An Earthworm Civics Lesson

Last week we received a wonderful surprise.  News arrived from the community service branch of Brady, our janitorial supply company, that the Seed had been selected as the recipient of a $2,500 Brady Shines grant to help fund our new walkway, which will enhance handicap access to our playground.  It was a reminder of the importance of everyone supporting our community.

In the kindergarten class, I was involved in another kind of community.  Sparked by a poem about earthworms, the class seized the topic with immense passion.  After a week of study, they knew their facts and pulled them together for a mural full of worms.   One of the sub-topics was the important role earthworms play in keeping soil healthy for plants.  We all have our jobs on Planet Earth.

Aside from the grant and earthworms, what’s really been on my mind related to community is the students from Stoneman Douglas High School in Florida.  I’m in awe of their courage to speak up and take action.  I’ve been reading about them and listening to their voices.  One article I read stated that they were well prepared to step up as they have.  It revealed a description of the curriculum they’ve grown up with that included the arts (particularly theater), journalism, and a strong emphasis on civics.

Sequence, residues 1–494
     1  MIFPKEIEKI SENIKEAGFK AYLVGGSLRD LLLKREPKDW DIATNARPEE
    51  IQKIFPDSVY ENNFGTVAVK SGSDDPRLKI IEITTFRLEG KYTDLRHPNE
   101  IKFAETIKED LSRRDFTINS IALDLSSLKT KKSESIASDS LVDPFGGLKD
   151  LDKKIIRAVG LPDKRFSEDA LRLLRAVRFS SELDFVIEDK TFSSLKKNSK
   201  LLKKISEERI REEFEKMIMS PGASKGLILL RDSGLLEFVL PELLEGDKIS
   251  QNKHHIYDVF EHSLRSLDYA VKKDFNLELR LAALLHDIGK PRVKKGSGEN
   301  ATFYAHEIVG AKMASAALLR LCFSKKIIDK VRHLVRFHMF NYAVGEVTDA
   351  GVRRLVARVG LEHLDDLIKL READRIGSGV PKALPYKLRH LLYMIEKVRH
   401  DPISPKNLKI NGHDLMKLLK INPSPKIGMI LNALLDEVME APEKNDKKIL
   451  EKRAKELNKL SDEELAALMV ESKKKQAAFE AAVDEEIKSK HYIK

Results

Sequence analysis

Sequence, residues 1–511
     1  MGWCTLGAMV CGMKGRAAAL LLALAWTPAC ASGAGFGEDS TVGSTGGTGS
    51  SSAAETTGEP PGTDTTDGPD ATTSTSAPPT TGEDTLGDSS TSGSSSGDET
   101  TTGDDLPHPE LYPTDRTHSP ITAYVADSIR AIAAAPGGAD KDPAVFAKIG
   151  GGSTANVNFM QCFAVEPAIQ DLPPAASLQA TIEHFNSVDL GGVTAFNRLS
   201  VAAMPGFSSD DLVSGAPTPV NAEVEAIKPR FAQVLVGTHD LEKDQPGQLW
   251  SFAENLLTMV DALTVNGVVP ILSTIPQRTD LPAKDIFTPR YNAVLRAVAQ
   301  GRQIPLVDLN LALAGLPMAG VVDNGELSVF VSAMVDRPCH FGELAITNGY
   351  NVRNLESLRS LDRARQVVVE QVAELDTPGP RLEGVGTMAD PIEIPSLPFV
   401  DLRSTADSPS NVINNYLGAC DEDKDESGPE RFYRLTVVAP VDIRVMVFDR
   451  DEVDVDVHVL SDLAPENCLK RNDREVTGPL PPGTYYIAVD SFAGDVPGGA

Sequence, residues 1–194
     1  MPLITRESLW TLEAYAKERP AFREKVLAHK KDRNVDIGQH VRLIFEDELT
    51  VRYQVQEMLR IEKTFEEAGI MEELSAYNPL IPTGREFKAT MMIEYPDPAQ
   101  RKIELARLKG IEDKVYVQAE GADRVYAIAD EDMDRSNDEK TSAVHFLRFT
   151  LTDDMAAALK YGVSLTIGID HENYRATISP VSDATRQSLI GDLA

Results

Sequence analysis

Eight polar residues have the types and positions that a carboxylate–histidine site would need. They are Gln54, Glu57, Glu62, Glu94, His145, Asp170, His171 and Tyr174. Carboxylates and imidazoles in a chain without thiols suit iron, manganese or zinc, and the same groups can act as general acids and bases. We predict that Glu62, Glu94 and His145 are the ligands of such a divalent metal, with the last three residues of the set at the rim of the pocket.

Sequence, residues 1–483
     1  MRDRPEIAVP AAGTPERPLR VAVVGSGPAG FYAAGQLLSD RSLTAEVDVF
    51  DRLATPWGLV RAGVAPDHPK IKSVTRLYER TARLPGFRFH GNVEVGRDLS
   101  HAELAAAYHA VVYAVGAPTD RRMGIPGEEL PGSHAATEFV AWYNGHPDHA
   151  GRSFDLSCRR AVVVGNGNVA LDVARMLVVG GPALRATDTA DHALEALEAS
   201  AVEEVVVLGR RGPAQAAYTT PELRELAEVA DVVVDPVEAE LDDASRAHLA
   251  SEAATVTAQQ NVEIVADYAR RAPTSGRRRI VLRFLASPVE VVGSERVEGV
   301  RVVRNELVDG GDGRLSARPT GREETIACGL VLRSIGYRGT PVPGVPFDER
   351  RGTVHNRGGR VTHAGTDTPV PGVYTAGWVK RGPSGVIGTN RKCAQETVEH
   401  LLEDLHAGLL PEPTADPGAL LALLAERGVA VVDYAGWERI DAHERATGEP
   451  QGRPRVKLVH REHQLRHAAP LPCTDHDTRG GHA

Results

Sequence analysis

When I read this, it drew me to articles about civics education, particularly for young children.  Diann Cameron Kelly wrote: “Civic readiness is as important for young children as school readiness and as vital as literacy skills to advance through formal education.  Civic readiness denotes a young child’s maturity to interact with and engage in society.  With developing communication skills and a beginning level of awareness of community structures, civic readiness demonstrates a child’s growing social competence and literacy.  This fundamental civic knowledge of society helps young children internalized the civic arena and develop moral and civic values that promote tolerance and respect of others.”

Of course, when I run across writing like this, it circles me back to the Seed.   It confirms why we place so much emphasis on social learning, planetary stewardship, and social justice.  Our continual guidance of children to develop strong communication skills, and to care about the world around them, seems more important now that ever before.  The understanding of civics can start with learning how earthworms do their part to keep soil healthy.  Sometimes, later on, it just might erupt from that rich soil and become a movement.   It’s not random that we’re called Awakening Seed.